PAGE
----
Can anything you create digitally - software code, e-mail or documents - be traced back to you like so much DNA from a crime scene? Research scientists at the Defense Advanced Research Projects Agency (DARPA) seem to think so as they announced this week the $43 million Cyber Genome Program it hopes will develop technologies that will help law enforcement types collect, analyze and identify all manner of digital artifacts.
The objective of the four-year program is to produce revolutionary cyber defense and investigatory technologies for the collection, identification, characterization, and presentation of properties and relationships from software, data, and/or users to support law enforcement, counter intelligence, and cyber defense teams, DARPA stated. Such digital artifacts may be collected from computers, personal digital assistants, and/or distributed information systems such as cloud computers, from wired or wireless networks, or collected storage media. The format may include electronic documents or software to include malware, DARPA stated.
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"A challenge in the cyber community is the ability to identify, analyze, and classify users, software, and digital artifacts. The traditional approach has been to develop custom solutions addressing individual threats for individual systems. However, it is not a viable approach to enumerate all possible combinations of solutions for each network threat for every sensor, weapon, and command-and-control platform," DARPA stated. "The result has been a continuous and rapid proliferation of cyber attacks, malicious software and 'spam' email. These challenges provide an asymmetric advantage to adversaries who can develop inexpensive, evolutionary cyber exploits that bypass or defeat intrusion detection and protection systems, host-based defenses, and forensic analysis."
As with most DARPA projects, this one has a number of advanced requirements. For example, according to DARPA the new system must:
This isn't the only cyber systems DARPA is working on as you might imagine. It also has in the pipe-line an avant-garde artificial intelligence (AI) software system known as a Machine Reading Program (MRP) that can capture knowledge from naturally occurring text and transform it into the formal representations used by AI reasoning systems.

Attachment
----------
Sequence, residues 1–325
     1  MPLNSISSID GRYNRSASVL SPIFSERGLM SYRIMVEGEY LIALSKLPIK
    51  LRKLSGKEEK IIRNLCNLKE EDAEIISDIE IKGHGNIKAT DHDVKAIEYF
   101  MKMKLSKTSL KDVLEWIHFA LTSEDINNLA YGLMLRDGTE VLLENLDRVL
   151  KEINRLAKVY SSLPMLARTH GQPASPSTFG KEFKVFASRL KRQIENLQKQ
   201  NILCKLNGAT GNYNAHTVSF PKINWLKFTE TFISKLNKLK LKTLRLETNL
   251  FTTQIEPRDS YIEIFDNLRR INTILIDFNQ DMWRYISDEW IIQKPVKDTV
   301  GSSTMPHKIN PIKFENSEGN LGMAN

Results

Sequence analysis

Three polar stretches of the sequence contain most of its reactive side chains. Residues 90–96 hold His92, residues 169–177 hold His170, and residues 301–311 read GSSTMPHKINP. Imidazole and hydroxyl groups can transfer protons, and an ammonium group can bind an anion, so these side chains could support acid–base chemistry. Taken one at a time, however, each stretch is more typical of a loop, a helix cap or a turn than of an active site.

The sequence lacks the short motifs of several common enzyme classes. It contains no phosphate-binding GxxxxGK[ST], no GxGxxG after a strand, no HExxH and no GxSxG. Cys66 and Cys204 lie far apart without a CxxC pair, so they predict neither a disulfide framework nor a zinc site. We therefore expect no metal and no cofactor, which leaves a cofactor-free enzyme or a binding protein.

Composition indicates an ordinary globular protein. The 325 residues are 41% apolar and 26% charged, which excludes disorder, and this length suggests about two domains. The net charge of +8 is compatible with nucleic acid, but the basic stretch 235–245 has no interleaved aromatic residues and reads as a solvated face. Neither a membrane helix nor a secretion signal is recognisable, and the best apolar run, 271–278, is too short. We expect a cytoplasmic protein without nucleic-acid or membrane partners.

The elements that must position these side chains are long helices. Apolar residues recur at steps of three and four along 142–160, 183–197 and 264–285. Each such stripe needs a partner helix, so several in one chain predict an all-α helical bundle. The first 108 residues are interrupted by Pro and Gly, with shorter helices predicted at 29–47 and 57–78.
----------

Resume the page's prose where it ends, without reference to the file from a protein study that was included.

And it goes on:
The idea is that such an intelligent learning system would unleash a wide variety of new AI applications - military and civilian -- ranging from intelligent bots to personal tutors DARPA said.
For example, all of the text in the World Wide Web will become available for automating the monitoring and analysis of technological and political activities of nations; plans, rhetoric, and activities of transnational organizations; and scientific discovery within various disciplines, DARPA stated.
As digitized text from library books world wide becomes available, new avenues of cultural awareness and historical research will be enabled. With truly general techniques for effectively handling the incompatibilities between natural language and the language of formal inference, a system could, in principal, be constructed that maps between natural and formal languages in any subject domain, DARPA said.
DARPA also recently awarded almost $56 million to two contractors it expects will develop the second phase of technologies that it promises will be revolutionary and bolster current cyber security technology by orders of magnitude. DARPA spent $30 million to develop Phase 1.
The contracts are part of DARPA's ambitious National Cyber Range program the agency says will develop revolutionary cyber research and development technologies. DARPA says that the NCR will advance myriad security technologies and "conduct unbiased, quantitative and qualitative assessment of information assurance and survivability tools in a network environment."
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